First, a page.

Attitude Ammo Against Discontent
Discontent—that restless feeling inside of wanting more than you already have—was born, oddly enough, in paradise.
Adam and Eve had it made in the shade…literally. They lived in a beautiful garden, created by God just for them. Even more, they could partake of the fruit from any tree in their Eden oasis except for one. Yet in the end, it was that one tree, and the false promise that went with it, that turned their eternal freedom into mortal bondage: for them, and all mankind.
That first act of sin, and countless others since then, was created by discontent. Eve became convinced that she really wasn’t getting everything that she could out of God’s perfect garden; that she was intentionally being kept from having something more. It points out two undeniable truths:
- Discontentment is always a precursor to sin.
- Discontentment can be one of the most significant problems in your Christian walk.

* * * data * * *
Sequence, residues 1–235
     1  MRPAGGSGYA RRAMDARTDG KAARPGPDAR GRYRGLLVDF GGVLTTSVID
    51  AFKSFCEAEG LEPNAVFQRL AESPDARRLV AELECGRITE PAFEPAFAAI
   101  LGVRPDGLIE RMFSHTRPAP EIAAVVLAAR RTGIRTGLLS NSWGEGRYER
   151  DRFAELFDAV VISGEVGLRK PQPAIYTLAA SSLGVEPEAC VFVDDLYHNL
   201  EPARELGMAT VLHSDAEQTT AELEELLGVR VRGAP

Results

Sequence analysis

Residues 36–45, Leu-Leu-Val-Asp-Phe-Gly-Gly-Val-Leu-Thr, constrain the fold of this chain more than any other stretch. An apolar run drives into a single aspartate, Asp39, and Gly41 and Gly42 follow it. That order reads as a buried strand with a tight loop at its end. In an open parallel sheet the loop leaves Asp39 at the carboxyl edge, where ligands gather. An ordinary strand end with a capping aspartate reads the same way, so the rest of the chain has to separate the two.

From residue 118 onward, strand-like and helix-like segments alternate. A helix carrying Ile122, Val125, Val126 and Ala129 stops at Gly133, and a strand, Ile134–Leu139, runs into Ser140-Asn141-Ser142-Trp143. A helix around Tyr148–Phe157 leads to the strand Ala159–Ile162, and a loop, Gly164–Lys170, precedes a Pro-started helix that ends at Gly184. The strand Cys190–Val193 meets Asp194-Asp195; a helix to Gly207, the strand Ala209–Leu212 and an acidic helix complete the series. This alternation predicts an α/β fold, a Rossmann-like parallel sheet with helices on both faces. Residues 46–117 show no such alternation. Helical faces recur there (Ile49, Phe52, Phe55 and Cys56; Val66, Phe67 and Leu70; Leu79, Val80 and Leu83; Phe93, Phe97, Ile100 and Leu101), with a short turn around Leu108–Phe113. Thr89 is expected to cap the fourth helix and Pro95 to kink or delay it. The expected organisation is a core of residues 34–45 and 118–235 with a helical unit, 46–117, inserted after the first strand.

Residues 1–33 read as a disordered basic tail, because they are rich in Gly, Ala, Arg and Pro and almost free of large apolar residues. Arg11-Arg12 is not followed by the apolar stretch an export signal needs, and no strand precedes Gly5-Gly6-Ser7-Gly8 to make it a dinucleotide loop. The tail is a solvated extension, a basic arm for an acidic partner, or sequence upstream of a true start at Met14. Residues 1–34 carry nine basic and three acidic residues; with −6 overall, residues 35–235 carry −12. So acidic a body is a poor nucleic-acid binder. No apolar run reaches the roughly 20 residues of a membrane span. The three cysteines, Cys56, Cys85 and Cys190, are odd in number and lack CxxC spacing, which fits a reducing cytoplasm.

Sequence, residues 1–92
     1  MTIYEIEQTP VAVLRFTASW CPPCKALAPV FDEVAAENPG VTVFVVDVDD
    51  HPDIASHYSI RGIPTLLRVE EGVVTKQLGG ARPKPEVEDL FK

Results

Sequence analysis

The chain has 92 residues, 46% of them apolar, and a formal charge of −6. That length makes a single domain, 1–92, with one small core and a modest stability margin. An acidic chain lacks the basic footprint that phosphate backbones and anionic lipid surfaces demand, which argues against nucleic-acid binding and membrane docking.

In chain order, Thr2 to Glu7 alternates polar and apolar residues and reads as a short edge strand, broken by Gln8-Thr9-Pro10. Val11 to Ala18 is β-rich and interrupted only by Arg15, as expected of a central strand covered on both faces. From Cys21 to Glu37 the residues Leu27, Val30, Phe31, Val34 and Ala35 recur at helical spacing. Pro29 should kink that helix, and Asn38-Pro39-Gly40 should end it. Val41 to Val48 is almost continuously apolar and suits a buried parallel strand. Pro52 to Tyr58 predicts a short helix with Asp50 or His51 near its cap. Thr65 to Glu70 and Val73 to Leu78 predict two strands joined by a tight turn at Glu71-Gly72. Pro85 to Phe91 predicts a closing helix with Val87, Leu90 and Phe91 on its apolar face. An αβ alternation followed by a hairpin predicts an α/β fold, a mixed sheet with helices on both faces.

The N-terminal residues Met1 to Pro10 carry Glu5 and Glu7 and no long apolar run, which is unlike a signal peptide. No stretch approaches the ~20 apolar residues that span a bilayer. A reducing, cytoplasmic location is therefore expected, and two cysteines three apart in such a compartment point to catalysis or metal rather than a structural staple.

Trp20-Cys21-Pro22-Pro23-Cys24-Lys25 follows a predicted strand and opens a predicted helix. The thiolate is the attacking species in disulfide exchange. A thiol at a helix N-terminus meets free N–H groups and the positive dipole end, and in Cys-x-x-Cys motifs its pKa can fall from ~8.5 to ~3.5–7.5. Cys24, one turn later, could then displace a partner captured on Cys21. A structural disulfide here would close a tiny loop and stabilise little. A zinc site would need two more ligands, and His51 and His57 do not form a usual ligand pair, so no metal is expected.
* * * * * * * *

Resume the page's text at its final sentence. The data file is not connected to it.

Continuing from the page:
Whenever you get discontented, you start to see life, as Stephen Covey calls it, with a “scarcity mentality.” There’s only one pie, and there’s only so much to go around, so you want to make sure you get your piece at any cost. Instead of thinking in terms of abundance—that God has already provided, and will continue to provide, all that you’ll ever need or truly desire—you start to compare what you have with others, or focus on what you lack in your relationships rather than what you already possess.
Rather, you are to aspire to emulate the apostle Paul, who wrote in Philippians 4:11-13: “I have learned in whatever situation I am to be content. I know how to be brought low, and I know how to abound. In any and every circumstance, I have learned the secret of facing plenty and hunger, abundance and need. I can do all things through him who strengthens me.” (ESV)
Paul looked at the Lord, his source of strength. Paul believed that nothing was impossible through Christ. It impacted how he perceived his life. Here are three simple weapons—attitude ammo—that will keep you armed against discontentment, and prevent you from sabotaging your own success.
- Live in thanksgiving
- See other’s needs first
- Have an eternal perspective
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